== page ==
Study: Drug Could Block Bone Loss in Astronauts in Space

24 September 2023

Researchers say a new drug compound has been found to prevent bone loss in humans visiting space.

The drug was tested on mice on the International Space Station (ISS). A new study reports the compound was engineered to help increase the formation of new bone material.

The American space agency NASA has long studied the effects of space travel on human health. Astronauts who have spent long periods in space have taken part in major studies that looked at their health before, during and after their trips, or missions.

This image provided by NASA shows astronaut Frank Rubio floating inside the cupola, the International Space Station's
This image provided by NASA shows astronaut Frank Rubio floating inside the cupola, the International Space Station's "window to the world." Rubio now holds the record for the longest U.S. spaceflight. (NASA via AP)

NASA announced that American astronaut Frank Rubio recently set the agency's record for the longest single spaceflight by a U.S. astronaut. Rubio, who is set to return to Earth on September 27, has spent 371 days in space. NASA astronaut Mark Vande Hei set the earlier record in March of 2022 after living in space for 355 days.

Some of the main health problems for humans are related to the gravitational conditions in space. Past studies have shown the low gravity environments in space can greatly reduce or stop the formation of new bone material.

NASA has estimated that astronauts spending more than six months in space can lose between six and 10 percent of bone matter. Some experiments in astronauts measured changes in their upper leg. Development of new bone can take at least three or four years after astronauts return to Earth, NASA says.

The conditions astronauts experience in space can result in bone loss up to 10 times more than is seen in human patients dealing with the bone loss disease osteoporosis, NASA notes.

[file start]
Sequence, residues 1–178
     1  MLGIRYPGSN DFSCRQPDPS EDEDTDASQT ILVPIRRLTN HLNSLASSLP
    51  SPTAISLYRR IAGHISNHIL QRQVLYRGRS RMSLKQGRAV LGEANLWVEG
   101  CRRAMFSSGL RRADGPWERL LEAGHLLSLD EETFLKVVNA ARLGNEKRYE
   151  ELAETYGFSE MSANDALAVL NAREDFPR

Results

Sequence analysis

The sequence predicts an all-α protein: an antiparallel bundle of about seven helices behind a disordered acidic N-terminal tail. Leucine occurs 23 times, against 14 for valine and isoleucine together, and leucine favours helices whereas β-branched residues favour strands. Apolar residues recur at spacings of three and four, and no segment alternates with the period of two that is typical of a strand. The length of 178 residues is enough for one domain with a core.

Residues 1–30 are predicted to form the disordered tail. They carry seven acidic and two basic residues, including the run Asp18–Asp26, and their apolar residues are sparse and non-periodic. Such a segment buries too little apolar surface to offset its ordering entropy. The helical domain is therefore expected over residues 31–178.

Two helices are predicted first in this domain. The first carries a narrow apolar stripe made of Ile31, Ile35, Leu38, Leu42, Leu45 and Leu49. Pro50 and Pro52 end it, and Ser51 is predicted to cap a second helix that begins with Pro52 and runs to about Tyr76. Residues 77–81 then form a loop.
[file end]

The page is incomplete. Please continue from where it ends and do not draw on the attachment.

Currently, physical exercise is the main method astronauts use to reduce bone loss during long periods in space. Generally, crew members aboard the ISS spend about 2.5 hours each day exercising in an effort to reduce the gravitational effects of space.

Past research on the subject has suggested a group of drugs widely used to treat osteoporosis, called bisphosphonates, have shown promise in Earth-based experiments on bone loss. That research continues.

But the new study shows success combining a bisphosphonate with another substance that has shown promise in helping to regrow bone material. That substance is called NELL-1. It was discovered by scientist Kang Ting at the Massachusetts-based Forsyth Institute.

The study was led by a team from the University of California, Los Angeles (UCLA). In a statement, the research team said the resulting compound, a molecule called BP-NELL-PEG, was given to mice aboard the ISS to test its effectiveness.

The experiments were carried out by astronauts who arrived on the ISS in June 2017. Half the mice remained on the ISS for nine weeks, while the rest were flown back to Earth four-and-a-half weeks after launch. Both sets of mice were given either BP-NELL-PEG or a salt solution containing no medicine.

The researchers reported both sets of mice who were given the BP-NELL-PEG compound showed "a significant increase in bone formation" during the experiment period. The team added that neither the mice treated on Earth nor those that received the drug in space experienced any observable side effects.

Chia Soo is with UCLA's School of Medicine and helped lead the research. She said the findings hold great promise for, in her words, "the future of space exploration, particularly for missions involving extended stays in microgravity."

Another member of the team was former UCLA engineering professor Benjamin Wu. He noted that the study could open the door to the same compound being used to treat patients with extreme osteoporosis and other bone-related conditions on Earth.

The scientists are still examining data on the live mice who returned to Earth halfway through the experiment. Researcher Soo said they hope the data "will provide some insight on how to help future astronauts recover from longer... space missions."

I'm Bryan Lynn.

Bryan Lynn wrote this story for VOA Learning English.


Words in This Story

significant – adj. important or noticeable

insight – n. the ability to understand what something is really like